African House is a historic timber and low-fired brick building located at Melrose Plantation which is presently owned by Association for the Preservation of Historic Natchitoches. Melrose Plantation began in 1796 as the Louis Metoyer Plantation and is located south of Natchitoches, Louisiana. Melrose Plantation has a long history with several key time periods. It was originally cultivated by a member of the Metoyer family. Marie Therese Coin-Coin, who is the matriarch of the creole Metoyers, and her descendants established the Cane River Creole community which is still a vibrant community today.  For more information on the Cane River Creole community please visit St. Augustine Historical Society, Cane River National Heritage Area, and the Louisiana Creole Heritage Center.
African House is located at Melrose Plantation behind the main house and was constructed in the early 1800s. It is a 2 story brick and timber framed building that has had many uses during the almost 200 years since its construction. Presently it is open for tours and houses murals painted by Clementine Hunter on the second floor. The first floor is constructed of low-fired bricks and the second floor is timber framed with a large hipped roof. The design and construction of the African House is very unique and is likely one of the best examples of African/French building traditions in the United States.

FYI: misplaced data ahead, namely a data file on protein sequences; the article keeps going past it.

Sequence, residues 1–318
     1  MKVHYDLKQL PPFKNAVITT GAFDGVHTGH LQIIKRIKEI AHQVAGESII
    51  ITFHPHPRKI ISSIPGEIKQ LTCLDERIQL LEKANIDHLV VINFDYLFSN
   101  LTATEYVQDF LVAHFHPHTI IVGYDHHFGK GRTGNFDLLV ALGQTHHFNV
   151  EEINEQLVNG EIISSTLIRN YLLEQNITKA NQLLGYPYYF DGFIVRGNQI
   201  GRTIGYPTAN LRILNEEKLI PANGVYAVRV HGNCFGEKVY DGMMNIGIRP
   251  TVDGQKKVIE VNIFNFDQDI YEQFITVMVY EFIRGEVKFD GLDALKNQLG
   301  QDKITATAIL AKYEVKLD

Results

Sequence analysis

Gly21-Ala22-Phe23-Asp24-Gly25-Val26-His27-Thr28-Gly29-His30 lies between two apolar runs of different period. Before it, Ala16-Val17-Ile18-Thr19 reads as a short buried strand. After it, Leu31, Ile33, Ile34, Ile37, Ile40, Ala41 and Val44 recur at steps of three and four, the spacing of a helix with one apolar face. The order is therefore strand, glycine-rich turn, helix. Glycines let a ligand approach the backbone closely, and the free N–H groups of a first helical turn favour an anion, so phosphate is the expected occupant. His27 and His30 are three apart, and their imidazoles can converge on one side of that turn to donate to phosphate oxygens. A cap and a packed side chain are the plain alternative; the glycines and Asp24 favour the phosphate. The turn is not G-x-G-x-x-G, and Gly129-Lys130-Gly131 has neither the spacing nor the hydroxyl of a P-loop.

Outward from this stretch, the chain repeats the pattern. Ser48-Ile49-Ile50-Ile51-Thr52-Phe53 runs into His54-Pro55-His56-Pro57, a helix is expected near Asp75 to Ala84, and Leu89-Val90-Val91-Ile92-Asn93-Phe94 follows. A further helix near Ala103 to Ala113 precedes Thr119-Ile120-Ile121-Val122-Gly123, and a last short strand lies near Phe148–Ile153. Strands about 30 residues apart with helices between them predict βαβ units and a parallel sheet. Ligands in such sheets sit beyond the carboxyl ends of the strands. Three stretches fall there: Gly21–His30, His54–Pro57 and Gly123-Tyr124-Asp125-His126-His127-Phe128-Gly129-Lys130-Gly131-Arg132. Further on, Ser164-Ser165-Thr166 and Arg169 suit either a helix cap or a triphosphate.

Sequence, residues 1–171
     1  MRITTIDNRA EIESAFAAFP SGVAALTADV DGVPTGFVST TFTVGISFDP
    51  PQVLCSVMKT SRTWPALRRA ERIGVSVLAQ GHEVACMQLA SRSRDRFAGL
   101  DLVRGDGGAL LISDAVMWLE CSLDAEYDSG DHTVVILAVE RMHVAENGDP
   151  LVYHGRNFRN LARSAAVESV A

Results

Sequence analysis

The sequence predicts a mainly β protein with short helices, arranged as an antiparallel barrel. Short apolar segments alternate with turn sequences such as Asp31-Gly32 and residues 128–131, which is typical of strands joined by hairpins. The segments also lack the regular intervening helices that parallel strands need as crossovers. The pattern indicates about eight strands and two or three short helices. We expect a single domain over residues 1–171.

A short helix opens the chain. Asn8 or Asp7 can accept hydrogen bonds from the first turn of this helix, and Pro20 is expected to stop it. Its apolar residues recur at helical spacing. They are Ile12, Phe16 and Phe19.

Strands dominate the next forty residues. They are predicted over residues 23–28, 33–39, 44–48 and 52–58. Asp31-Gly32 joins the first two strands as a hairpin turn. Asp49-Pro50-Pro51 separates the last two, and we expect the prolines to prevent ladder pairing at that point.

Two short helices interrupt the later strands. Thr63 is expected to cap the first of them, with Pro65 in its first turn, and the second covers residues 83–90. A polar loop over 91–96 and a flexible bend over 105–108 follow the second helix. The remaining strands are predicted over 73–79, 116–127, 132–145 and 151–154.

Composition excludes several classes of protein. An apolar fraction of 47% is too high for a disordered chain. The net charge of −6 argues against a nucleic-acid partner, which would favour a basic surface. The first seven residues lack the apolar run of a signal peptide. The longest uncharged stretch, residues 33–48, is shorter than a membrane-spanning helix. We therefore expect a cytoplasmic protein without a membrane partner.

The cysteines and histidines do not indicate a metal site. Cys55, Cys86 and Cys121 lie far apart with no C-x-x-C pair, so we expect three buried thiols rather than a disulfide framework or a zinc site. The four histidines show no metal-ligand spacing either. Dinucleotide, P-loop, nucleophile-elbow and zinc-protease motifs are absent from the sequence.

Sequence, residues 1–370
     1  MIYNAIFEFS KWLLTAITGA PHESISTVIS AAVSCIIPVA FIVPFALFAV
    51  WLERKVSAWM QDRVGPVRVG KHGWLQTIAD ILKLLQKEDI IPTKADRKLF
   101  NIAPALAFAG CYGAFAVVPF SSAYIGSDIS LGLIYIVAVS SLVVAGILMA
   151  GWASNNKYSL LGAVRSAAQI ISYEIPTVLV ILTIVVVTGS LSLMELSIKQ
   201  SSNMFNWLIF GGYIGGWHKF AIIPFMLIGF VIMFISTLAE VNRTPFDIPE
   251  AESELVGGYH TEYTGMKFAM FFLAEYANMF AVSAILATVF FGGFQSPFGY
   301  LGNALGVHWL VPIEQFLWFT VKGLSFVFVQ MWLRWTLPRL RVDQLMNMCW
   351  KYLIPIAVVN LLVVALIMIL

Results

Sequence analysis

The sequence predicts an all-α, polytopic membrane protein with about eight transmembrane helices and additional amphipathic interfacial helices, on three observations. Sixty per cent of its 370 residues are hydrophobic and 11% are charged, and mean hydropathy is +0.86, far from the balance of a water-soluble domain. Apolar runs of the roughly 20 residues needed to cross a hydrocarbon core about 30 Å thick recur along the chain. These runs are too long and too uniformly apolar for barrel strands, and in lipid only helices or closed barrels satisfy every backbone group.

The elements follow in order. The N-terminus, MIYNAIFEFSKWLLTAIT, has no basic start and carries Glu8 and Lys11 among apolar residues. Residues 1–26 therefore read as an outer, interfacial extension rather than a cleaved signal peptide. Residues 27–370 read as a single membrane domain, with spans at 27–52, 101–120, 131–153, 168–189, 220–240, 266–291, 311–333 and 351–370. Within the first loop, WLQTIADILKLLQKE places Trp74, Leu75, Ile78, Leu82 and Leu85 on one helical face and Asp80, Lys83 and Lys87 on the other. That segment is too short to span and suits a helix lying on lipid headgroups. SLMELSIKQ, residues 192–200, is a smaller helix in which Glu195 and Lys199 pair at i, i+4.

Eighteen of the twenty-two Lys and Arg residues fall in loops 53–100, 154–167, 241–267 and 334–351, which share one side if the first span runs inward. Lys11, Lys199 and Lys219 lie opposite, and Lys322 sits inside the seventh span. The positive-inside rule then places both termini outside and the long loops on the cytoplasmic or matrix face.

E. Eean McNaughton (2006). Historic Structure Report for African House – Melrose Plantation.
The National Center for Preservation Technology and Training is partnering with the Preservation Trades Network, the Association for the Preservation Historic Natchitoches, and the Friends of NCPTT are partnering hold a workshop investigating the engineering issues facing historic timber structures. This workshop will bring in preservation engineers, timber framers, site managers, historic building owners, and other parties to discuss best practices for planning and implementing these multi-faceted projects. The focus of these workshops will be African House, which a 200 year low fired brick and timber framed building, located at Melrose Plantation outside of Natchitoches.
The workshop will be held Feburary 9-12, 2015 in Natchitoches, La. Classroom sessions will be held at Lee H. Nelson hall with site visits to Melrose Plantation and Magnolia Plantation. While the main focus of the workshop will be the preservation of the structure itself we will also look at the issues facing the Clementine Hunter murals that are housed on the second floor. The murals add another layer of complexity as consideration also needs to be given to protecting the murals and the lighting needs.
Date: February 9-12, 2015
Cost: $399, $349 National Park Service, and $199 for students
AIA CES: More information available shortly
Location: Melrose Plantation, 3533 Highway 119, Melrose, LA 71452 — (318)-379-0055 http://www.melroseplantation.org/
For more information please visit https://ncptt.nps.gov/events/engineering-for-historic-timber-framing-workshop or email Sarah Marie Jackson at email@example.com.